E. Travelling

Some WSA agents travel frequently on official business, and they figured out how to cheat the WSA's working time accounting system. The trick is that if they have to visit a lot of distant cities, they travel more to the east than to the west, and they use local time zones for logging their time. As long as they don't travel around the globe twice, and they choose a reasonably short path, no one would notice.

At least, so they thought. WSA management eventually discovered the cheating (...no they didn't; rather, someone snitched), and they want to estimate the losses. They handed you 10 lists of cities that agents usually visit (with coordinates).

   a large airplane, weighting about half of the Earth, orbiting a globe of 1:1 scale

Find the shortest tour visiting all the listed locations without ever traveling West (longitude shall never decrease, except when crossing the antimeridian) and without traveling around the planet more than twice.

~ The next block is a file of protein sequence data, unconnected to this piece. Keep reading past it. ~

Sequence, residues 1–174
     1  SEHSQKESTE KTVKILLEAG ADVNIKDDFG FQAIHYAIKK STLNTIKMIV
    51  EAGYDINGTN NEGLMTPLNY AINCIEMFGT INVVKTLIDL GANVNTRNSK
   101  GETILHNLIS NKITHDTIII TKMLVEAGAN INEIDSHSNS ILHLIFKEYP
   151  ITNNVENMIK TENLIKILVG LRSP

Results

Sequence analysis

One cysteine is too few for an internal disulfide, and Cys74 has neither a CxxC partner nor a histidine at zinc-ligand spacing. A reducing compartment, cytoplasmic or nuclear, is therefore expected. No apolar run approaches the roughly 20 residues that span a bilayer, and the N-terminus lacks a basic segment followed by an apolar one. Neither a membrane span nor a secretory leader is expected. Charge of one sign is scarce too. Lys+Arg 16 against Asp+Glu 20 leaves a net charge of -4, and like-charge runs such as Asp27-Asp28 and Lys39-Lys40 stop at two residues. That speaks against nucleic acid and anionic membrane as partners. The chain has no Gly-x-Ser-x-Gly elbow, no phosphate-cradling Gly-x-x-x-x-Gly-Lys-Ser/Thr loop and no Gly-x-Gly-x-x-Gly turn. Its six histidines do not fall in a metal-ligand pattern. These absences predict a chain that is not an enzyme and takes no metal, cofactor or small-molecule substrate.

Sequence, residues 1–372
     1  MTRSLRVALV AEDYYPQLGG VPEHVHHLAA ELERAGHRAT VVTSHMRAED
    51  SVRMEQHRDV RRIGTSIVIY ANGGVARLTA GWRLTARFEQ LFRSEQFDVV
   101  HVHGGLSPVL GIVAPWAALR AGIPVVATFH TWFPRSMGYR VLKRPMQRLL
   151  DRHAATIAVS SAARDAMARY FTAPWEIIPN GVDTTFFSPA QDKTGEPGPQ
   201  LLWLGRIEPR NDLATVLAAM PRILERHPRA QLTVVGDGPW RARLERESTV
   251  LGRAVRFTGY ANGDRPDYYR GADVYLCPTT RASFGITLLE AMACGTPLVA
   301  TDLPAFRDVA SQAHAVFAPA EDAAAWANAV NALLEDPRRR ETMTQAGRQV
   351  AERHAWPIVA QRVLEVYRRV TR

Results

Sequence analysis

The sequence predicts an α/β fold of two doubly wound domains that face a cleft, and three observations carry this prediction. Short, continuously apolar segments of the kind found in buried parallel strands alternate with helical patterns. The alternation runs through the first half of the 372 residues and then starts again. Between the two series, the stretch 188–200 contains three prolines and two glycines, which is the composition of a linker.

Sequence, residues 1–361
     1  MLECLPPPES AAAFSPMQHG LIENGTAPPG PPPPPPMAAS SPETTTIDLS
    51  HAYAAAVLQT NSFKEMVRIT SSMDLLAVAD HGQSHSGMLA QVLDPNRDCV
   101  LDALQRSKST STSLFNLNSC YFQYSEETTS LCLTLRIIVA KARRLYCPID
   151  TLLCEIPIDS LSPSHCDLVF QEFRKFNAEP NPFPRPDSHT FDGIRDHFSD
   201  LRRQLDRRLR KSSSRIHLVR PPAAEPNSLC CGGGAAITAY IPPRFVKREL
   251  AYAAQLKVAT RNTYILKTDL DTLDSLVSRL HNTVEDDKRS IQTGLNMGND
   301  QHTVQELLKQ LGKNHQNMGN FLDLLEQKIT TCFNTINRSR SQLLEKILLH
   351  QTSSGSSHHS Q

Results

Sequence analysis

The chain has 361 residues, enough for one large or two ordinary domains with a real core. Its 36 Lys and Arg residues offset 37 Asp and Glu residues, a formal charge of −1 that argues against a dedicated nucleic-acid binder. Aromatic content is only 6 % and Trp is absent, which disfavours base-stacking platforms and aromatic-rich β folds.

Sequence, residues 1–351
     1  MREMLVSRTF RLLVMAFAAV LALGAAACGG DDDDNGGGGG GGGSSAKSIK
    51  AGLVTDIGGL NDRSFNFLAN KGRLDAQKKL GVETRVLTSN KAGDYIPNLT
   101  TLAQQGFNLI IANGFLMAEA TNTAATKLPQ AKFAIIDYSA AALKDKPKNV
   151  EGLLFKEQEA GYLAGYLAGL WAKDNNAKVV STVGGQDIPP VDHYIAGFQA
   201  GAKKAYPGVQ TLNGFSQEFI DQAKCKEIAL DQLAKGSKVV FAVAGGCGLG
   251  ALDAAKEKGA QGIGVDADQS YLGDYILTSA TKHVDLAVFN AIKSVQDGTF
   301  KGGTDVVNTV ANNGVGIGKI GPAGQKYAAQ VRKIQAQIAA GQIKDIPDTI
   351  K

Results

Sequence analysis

The first line contains N, the number of locations and the following N lines are the (latitude, longitude) coordinates of the locations in degrees. (-90 ≤ latitude ≤ 90 increasing to the North and -180 ≤ longitude ≤ 180 increasing to the East and there are no locations exactly at the same longitude or at the poles)


The first line should contain the length of the optimal tour in km (to one meter precision; Earth is approximated as a perfect sphere with R = 6371 km radius).

The second line should contain N+1 numbers separated by whitespace: the indices of the locations in the order they are visited in the optimal tour (indexing starts from 0, based on the order in the input, the last location must be the same as the first one and the longitude of consecutive locations must not decrease more than twice).

Example input

40 0.5
-60 50
-10 -80
80 1e2
30 -160
-70 140

Example output

4 1 5 2 0 3 4